Special America

Description (in English): 

In 2008, in Providence, RI, a strange melancholy pervaded us to which we hesitated to give the grave and beautiful name of SPECIAL AMERICA. It began amorphously. Badges left in a hallway, flash rallies alongside the insinuations of handbill slogans, an ambiguous slideshow. Over the years, SPECIAL AMERICA appeared untroubled, yet in solitude we penned personal, soul-bearing texts, melancholy slogans that made us weep whilst inducing within us a perverse sense of comfort. Composed in corporate network space, our glum poesy set the tone for a new tale of longing and loneliness. In the past, the idea of calling this melancholy SPECIAL AMERICA always appealed to us; now we are almost ashamed of its complete egoism.

SPECIAL AMERICA (Claire Donato & Jeff T. Johnson) is an exercise in and an exorcism of American Exceptionalism, based on the spirit of intellectual play—semiotic, humorous, and performative. Incubated in the electronic literature community and spread to the New York City Poetry Industrial Complex, SPECIAL AMERICA presents itself as an analog hack, a gesture toward embodied viral media. Since 2008, SPECIAL AMERICA has incorporated a variety of topics, including ambiguous political speech, American Exceptionalism, adjunct labor, genre and gender politics, 21st century literature, and e-poetics. SPECIAL AMERICA has been described as "the internet," "always new!" "shouldn’t be necessary, but is," "another freakin’ marathon," "singularly unhelpful," "heavy," "beautiful," and "fucking boring."

On stage, SPECIAL AMERICA consists of multiple digital projections presented alongside musical loops and remixes that propel the performance through various scenes, acts, and interludes. Our script—whose language has been appropriated from sources as wide-ranging as Robert Burton, Jacques Derrida, Andrew Lloyd Weber and Rosmarie Waldrop—is delivered using high-affect character voices inspired by politicians and CEOs, game show announcers, motivational speakers, old- school professors, new-age gurus, angry neighbors, and cocktail banter. Staging, choreography, and costuming embody our theoretical and theatrical concerns. We recently donned all-black evening wear and mounted a “shitty internet disco,” complete with sound art installation, wine tasting, yoga demo, stump speech, PhotoBooth selfies, and various dance routines, including a rendition of the Twin Peaks character Audrey Horne’s infamous solo slow dance. In the future, we plan to pump up this disco mix alongside homemade set pieces and lighting, built from recycled technology like obsolete laptops, telephones, and computer speakers.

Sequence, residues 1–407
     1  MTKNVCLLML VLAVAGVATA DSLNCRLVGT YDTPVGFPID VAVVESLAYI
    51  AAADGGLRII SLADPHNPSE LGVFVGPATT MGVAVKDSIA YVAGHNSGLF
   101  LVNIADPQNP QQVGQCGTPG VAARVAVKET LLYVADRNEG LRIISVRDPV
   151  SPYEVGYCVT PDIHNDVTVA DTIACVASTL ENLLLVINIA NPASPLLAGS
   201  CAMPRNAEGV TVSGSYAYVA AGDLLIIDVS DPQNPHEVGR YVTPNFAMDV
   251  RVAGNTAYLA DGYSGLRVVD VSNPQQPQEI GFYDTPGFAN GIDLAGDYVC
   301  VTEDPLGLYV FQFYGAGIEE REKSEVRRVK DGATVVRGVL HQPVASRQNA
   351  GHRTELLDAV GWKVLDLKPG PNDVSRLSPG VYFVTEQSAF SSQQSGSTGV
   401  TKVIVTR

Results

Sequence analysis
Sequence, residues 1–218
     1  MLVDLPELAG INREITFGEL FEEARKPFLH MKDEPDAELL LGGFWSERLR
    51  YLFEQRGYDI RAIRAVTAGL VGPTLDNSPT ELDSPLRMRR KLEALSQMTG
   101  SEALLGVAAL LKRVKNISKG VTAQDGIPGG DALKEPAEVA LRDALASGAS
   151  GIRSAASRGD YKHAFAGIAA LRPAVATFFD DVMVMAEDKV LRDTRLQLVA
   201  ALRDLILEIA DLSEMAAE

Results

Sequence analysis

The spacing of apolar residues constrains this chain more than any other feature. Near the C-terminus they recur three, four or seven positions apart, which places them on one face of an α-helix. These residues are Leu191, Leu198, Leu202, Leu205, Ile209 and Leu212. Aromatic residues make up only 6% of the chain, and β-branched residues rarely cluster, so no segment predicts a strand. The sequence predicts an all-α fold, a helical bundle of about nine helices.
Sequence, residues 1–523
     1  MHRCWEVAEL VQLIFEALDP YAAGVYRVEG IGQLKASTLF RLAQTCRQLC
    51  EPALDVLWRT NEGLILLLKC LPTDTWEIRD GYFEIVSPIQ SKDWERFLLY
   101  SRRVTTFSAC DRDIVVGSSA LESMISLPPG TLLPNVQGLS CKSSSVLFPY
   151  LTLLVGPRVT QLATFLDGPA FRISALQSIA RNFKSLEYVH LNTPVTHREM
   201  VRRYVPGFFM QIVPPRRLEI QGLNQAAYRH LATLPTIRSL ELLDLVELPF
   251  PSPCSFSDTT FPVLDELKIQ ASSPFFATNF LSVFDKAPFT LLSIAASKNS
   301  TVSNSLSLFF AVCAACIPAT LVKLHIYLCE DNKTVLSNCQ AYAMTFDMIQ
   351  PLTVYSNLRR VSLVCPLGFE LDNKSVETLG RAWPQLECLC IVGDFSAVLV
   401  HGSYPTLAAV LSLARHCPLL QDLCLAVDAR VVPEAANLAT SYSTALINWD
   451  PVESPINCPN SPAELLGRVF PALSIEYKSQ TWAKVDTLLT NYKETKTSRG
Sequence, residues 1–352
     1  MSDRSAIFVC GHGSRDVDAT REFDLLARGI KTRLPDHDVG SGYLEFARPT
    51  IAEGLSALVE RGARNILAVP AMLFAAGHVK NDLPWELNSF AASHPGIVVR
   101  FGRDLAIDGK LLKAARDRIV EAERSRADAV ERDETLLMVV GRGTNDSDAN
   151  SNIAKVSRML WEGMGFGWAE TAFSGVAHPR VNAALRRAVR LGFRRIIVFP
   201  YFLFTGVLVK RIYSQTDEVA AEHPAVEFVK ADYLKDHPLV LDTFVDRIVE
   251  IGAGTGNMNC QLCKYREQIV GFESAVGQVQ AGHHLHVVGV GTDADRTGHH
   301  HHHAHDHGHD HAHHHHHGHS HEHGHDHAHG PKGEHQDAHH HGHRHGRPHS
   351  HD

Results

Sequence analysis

SPECIAL AMERICA aims to imbue humor and play into academic conferences and other historically wearisome spaces, without sacrificing the rigorous exploration of its theoretical framework. We enact what Florian Cramer refers to as the “post-digital,” or the cultural circumstance in which “digital technology is no longer a revolutionary phenomenon but a normal part of everyday life.” We engage remix and social network culture, elaborating Kenneth Goldsmith’s concept of the writer as meme machine. Over the course of a site-specific installation, the phrase “Special America” accumulates significance just as Internet memes do. For example, at the 2012 Electronic Literature Organization (ELO) conference, attendees alluded to SPECIAL AMERICA in their presentations, and in turn, SPECIAL AMERICA implicated and absorbed aspects of other presentations.

In all of its manifestations, SPECIAL AMERICA aims to explore American Exceptionalism in the hope that the literary communities in which we perform question their own modes of community-driven exceptionalism. We take part in communities as we deconstruct the assumptions and contradictions that animate them. In this sense, SPECIAL AMERICA is a complex grassroots effort in the tradition of Antonin Artaud’s Theater of Cruelty. While invoking and problematizing literary communities’ values and false realities, SPECIAL AMERICA seeds the communal discourse with theoretically engaged humor and the shared experience of live performance.

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Scott Rettberg